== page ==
Every year the semiconductor industry and its customers start a discussion about the next big market for semiconductor products: Main Frame computers had their day, then servers and PCs, and only a few years ago, smart phones. But with Apple reporting declining sales in 2016 for the first time in a decade and Samsung still recovering from their disastrous Note 7 debacle, what can these two behemoths do to re-kindle growth? For that matter, where will Google and Facebook place their bets on the Next Big Thing? To judge by comments from Apple’s Tim Cook (“high on AR in the long run…continue to invest a lot in this…AR can be huge.”) or the 2014 $2B purchase of Oculus by Facebook, it seems probable that at least in the case of Apple and Facebook the growth will come from AR/VR. Recent forecasts by Digi-Capital place the size of this industry by 2021 to be between $94 and 122 billion. Considering that 2016’s size was $3.9B ($1.2B for AR, $2.7B for VR), this market’s proposed growth is one that must be investigated, if not invested in.
The AR/VR market needs a little definition in this post before we go any further. AR is defined as Augmented Reality, while VR is virtual reality. What this means in greater detail is that AR takes live direct or indirect views of the physical world and “augments” those views by adding computer-generated sensory data such as sound, video, graphics, or GPS data. VR on the other hand provides a view of an artificial world, one fully generated by software. A further delineation of the AR market is the breakdown between mobile AR and desktop/laptop delivered AR; and yet a further division of the mobile market is into smartphone and smartglasses. A commercially successful example of mobile AR was last year’s wildly successful Pokemon Go from Nintendo and Niantic: a game that made $600 million in its first three months alone and outperformed the entire VR market in 2016. Other successes in 2016 included Sony’s Playstation VR and Google’s Daydream View mobile VR headset/controller and the first Tango mobile AR phone.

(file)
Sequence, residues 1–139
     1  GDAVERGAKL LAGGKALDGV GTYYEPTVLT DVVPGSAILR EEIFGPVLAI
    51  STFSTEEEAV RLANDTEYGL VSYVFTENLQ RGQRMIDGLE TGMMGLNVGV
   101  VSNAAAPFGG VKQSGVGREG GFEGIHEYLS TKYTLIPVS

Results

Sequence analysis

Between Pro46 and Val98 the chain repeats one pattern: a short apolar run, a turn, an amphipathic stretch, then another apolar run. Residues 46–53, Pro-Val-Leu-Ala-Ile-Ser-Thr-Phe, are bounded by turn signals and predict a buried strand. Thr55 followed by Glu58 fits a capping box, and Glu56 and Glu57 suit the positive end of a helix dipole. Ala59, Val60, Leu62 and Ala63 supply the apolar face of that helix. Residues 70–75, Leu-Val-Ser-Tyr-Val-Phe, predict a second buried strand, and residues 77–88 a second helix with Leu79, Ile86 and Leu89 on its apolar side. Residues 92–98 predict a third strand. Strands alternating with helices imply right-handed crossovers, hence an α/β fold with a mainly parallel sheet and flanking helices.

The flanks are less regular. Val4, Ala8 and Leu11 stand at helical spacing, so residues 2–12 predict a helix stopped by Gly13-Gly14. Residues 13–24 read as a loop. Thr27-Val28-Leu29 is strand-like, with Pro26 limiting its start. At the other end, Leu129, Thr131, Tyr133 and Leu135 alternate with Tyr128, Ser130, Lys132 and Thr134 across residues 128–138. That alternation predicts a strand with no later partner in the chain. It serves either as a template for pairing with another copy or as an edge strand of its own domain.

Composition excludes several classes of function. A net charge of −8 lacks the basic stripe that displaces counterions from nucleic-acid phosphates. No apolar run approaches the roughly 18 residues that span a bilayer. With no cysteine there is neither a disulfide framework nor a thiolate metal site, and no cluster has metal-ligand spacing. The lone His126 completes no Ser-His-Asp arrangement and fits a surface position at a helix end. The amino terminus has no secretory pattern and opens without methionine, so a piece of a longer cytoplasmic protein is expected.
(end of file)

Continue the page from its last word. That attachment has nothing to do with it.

Well then just who are the players in the emerging AR/VR market? They are some traditional players from the past like Microsoft and Intel from the software and semiconductor world, the two giants from the smartphone world Apple and Samsung, and the two new giants of software: Facebook and Google. Where each of these companies appears to be going might well control the ultimate fate of the whole market. For example, will they focus on price points greater than $1500/unit in the manner of Intel’s project Alloy set to launch late this year? Or will they focus on price points below $500 and take advantage of the well-proven habit of smart phone users to replace their phones with each new iteration of their phone of choice. In that case, Apple is my personal bet to win the mobile AR race; consider hardware, software, app store and retail outlets and you have a corporation uniquely suited to dominate this part of the market. That being said, Google may well surprise us all with its Tango for mobile AR and Daydream View for mobile VR.
Whoever comes to dominate the market will have five problems that must be addressed according to Digi-Capital: (1) hero device (Apple-quality device), (2) all-day battery, (3) mobile connectivity, (4) app eco-system, and (5) telco cross-subsidization. With these five problems solved and the right price point identified, there is every reason to believe Digi-Capital’s forecast of an $83B AR market and a $25B VR market by 2021. The last question then dear Reader is, who are you betting on?